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in vehicle cb radio.

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  • in vehicle cb radio.

    i have some questions! anybody use these? if you do, for what reason? do you find it useful? is cb slang still used? is it legal in europe? do have a preffered make?.

  • #2
    just to let you know very few people use the cb's much now my dad as still got
    a old midland cb in working condition but he uses a more upto date radio called a
    which is called a yaesu
    using the upper and lower sideband also am and fm
    to talk with people in other countrys and the ariel
    that must have a span of 30' wide and looks like a upside down umbrella
    i know he needs a licence for his radio because he sometimes uses morsecode
    hope this helps


    • #3
      CB's died a death when they were legalised....took all the fun out of it


      • #4
        mikey, what you are referring to is called "amateur radio". you do need a license to use the equipment, although it is usually done through a radio enthusiasts club over 2 days with a "easy" exam to get you started. once you pass, you are issued with a "m3" or "m6" callsign. you are expected to follow ham radio etiquette. to explain what i mean by this, just try having a scan round on 27mhz on fm and you'll know what i mean! cb is still legal in the uk, but only using certain frequencies on FM mode ONLY! the older type cb's were on AM and have been illegal for over 30 years. do a search on google for amateur radio clubs in your area to find out where you can sit the m3/m6 test. it is pretty basic and really only scratches the surface, but it get's you on the air with certain restrictions and opens the door to further developing your understanding of radio communications. the upside down umbrella is called an x beam and from what i've heard they are very good antennas (but are for HF use only- high frequency). you don't need to go as far as learning morse code though, as once you pass as a m3/m6, there are loads of cheap and cheerful 144mhz/ 430mhz (vhf/uhf) handheld radios on ebay for about £30.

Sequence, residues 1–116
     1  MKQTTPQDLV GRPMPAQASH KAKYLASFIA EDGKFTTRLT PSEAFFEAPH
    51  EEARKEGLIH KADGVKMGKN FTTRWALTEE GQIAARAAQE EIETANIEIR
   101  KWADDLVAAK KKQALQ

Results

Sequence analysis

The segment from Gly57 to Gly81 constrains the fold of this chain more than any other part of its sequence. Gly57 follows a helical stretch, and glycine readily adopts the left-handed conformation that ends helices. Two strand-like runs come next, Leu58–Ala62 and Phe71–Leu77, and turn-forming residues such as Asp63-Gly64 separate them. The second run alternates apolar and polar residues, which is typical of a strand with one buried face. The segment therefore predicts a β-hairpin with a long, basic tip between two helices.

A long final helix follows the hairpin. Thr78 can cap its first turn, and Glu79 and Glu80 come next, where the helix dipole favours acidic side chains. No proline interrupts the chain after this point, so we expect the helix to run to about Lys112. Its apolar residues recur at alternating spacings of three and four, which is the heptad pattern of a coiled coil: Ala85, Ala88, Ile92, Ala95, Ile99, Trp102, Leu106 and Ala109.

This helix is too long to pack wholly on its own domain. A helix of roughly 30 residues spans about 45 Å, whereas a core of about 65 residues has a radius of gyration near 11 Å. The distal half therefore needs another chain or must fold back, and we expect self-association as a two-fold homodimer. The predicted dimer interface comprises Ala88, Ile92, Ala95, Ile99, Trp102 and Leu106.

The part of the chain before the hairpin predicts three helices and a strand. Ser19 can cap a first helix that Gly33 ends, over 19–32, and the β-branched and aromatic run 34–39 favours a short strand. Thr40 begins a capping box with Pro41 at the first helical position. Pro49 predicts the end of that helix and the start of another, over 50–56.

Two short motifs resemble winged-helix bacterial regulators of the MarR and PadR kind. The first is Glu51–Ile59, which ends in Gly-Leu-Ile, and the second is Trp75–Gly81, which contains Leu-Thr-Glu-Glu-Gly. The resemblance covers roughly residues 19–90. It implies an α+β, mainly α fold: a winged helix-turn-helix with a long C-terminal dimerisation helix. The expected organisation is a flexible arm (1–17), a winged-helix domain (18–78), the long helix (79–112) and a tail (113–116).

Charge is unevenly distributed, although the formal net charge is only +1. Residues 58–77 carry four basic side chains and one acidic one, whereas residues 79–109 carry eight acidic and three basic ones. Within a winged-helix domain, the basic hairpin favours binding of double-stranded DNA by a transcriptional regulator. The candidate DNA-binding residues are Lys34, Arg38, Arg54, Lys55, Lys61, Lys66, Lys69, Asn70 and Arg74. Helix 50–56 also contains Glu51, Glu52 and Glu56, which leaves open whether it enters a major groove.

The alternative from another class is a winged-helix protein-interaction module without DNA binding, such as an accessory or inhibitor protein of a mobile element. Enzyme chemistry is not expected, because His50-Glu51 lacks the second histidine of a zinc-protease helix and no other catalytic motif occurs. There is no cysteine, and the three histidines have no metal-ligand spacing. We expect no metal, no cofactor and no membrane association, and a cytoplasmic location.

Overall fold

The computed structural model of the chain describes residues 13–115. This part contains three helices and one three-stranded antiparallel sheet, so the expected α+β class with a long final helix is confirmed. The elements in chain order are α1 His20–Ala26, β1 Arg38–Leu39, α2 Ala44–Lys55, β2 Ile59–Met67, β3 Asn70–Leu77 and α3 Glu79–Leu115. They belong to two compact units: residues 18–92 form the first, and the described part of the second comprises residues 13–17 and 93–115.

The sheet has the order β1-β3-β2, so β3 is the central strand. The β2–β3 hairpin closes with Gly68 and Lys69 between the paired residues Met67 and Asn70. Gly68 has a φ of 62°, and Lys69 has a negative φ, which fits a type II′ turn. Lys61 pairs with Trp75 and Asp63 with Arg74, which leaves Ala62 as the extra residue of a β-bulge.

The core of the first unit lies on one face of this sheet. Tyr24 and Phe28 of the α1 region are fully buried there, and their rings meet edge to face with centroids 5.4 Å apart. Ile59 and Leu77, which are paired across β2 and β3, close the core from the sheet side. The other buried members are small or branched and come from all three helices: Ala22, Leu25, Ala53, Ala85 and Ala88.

• #5
          I think the glory days of CB for the general populous is long gone. Up to a few years ago I remember seeing HGV traction units with what looked like CB aerials, but not so much these days.

          I think the trucking fraternity used CB to discuss the best locations for picking up or burying prostitutes. These days they just text while driving.

          In any event, they are still a liability on the road. ( truckers that is )

          Not sure how the law would view CB these days, what with all this hands free nonsense.

          10-4 good buddy !!

          Half man, half Octoplus, half bean wannabe test pilot.


          • #6
            its not a hobbie that im ever likely to get involved with i like gadgets that are simple
            i/e ipods iphones kindles and stuff like that but my dad enjoys his radio's and he's used them
            when in the forces and i remember the days they were illegal and people would phone each other
            when the goverment sent people out to try and catch you out

            and still watch smokey and the bandit and convey brillant films
            anybody remember the songs like teddybear

            10/4 good buddy catch you on the flip side


            • #7
              Hi All.
              I had one on my G.L 1100 Goldwing motorbike, it was the a.m version, the naughty 40 they called it, this was in 1994, got told then it was a £5000 fine if you got caught with one.
              No one ever got pulled for using on, and most of the wing lot had them, happy days.
              All the best steve.